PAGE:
Californiana from the William Reese Company
California from William Reese Co.
The William Reese Company has issued their Bulletin 19: Magnificent Californiana. This is not the California of movie stars, glamour and beautiful people. This is a grittier California, people eking out a hard living despite their spectacular surroundings. It is California as a Mexican state, briefly a sort-of independent land, again briefly an American territory, and concludes with the early days of American statehood. For most of this time it was a lightly populated place, home to scattered Indian tribes, Mexican missions, and a few other hardy settlers. Then, in 1849, gold was discovered, and Americans from the east flocked west to find their fortunes. Few did, but many stayed to settle down in this beautiful and climate-friendly land. Gold strikes may have disappeared, but the people kept coming. Here, now, are a few items from this collection of works from California when it was still a wild and mostly unsettled land.
We will start with one of the earlier looks at California, Relacion Historica de la Vida y Apostolicas Tareas del Venerable Padre Fray Junipero Serra… by Francisco Palou. It was published in 1787, when California was limited to a few Spanish missions and the scattered Indian tribes that had lived there since crossing over from Asia many millennia before. Palou's book is mainly an account of the life of Father Junipero Serra, the founder of the missions in Upper or Alta California, essentially today's U.S. state of California. The map shows 9 of what were eventually 21 missions founded by Serra, and appears to be the first map to show a boundary line between Upper and Lower California. Serra corresponded with Palou through letters, and these letters provide much of the information about California in this book, including descriptions of the land and of the Indian tribes and their customs. Item 1 is a first edition, second issue of Palou's work. Priced at $25,000.
Item 6 is a very early treaty between California and a foreign company. California was a Mexican state at the time, but the realities of long distances afforded it a certain degree of autonomy from Mexican authorities. California, then as now, was suffering from financial difficulties, and so signed this agreement with a Russian company, allowing that firm to hunt sea otters off the California coast. The "Russian Company of N. Arcangel" originally signed an agreement with California in 1823. Offered is the manuscript 1825 revision of this treaty, signed by Governor Luis Antonio Arguello, spelling out in greater detail the rights and obligations of the parties. Reese notes that this was the period of greatest Russian expansion along the Pacific coast of North America, far south of Alaska, then Russian territory. $12,500.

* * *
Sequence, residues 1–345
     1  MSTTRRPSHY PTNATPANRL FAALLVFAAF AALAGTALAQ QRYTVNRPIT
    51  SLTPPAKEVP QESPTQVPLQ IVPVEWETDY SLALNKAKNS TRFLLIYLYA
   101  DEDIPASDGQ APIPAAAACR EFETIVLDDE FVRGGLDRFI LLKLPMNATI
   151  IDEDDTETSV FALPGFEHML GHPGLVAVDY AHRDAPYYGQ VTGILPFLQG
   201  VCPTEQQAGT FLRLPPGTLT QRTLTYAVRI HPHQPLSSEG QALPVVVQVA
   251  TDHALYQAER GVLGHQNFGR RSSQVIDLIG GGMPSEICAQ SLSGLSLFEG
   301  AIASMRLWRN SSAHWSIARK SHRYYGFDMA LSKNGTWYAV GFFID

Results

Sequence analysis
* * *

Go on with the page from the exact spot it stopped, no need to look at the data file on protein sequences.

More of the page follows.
Item 9 is one of only five known copies, and the only signed in manuscript, of California's first declaration of independence. This is not from the "Bear Flag" revolution of Anglo settlers in 1846, but what was more an internal battle between Mexicans in California and Mexican authorities back in the capital. Beginning En el Puerto de Monterrey de la Alta California… dated November 7, 1836, it is signed by the leader of the revolt, Juan B. Albarado (Alvarado) and three others. It declared California independent, with Alvarado naming himself governor. This occurred at the same time as the Texas revolution, though its aims were less drastic than those of the Texians. The broadside was printed by California's second printer, Santiago Aguilar, Alvarado having forced California's legendary first printer, Agustin Zamorano, into exile three days earlier. The result of this revolt was Mexican authorities agreeing to recognize Alvarado and granting California more autonomy, for which Alvarado agreed for the land to remain Mexican territory. $65,000.
Californiana from the William Reese Company
John Willis' California travel journal.
Item 14 is something of a transitional document, from Mexican to American rule: Alta California: Embracing Notices of the Climate, Soil, and Agricultural Products of Northern Mexico and the Pacific Seaboard… Written "by a Captain of Volunteers," it was published in 1847, during the Mexican War. The Americans had already seized California, but its official cession was still a year away. It has much about agriculture in California, but also a discussion of slavery in the areas expected to be conquered as a result of the war. On this subject it includes The Opinion of the Hon. James Buchanan on the Wilmot Proviso. The Wilmot Proviso, never adopted into law, would have banned slavery from any newly acquired territories. Buchanan, anticipating his later presidency as a "Northern man with Southern principles," was against it. $5,000.
We will close with an item relating to American California, and the Gold Rush that suddenly flooded the state with immigrants. Item 26 is an 1850 journal kept by John F. Willis, who traveled the Platte River Road to California. Willis traveled the standard route from St. Louis to Idaho, but then took a different trail through Nevada and California. His journal is unpublished. $22,500.
The William Reese Company may be reached at 203-789-8081 or firstname.lastname@example.org. Their website is www.reeseco.com.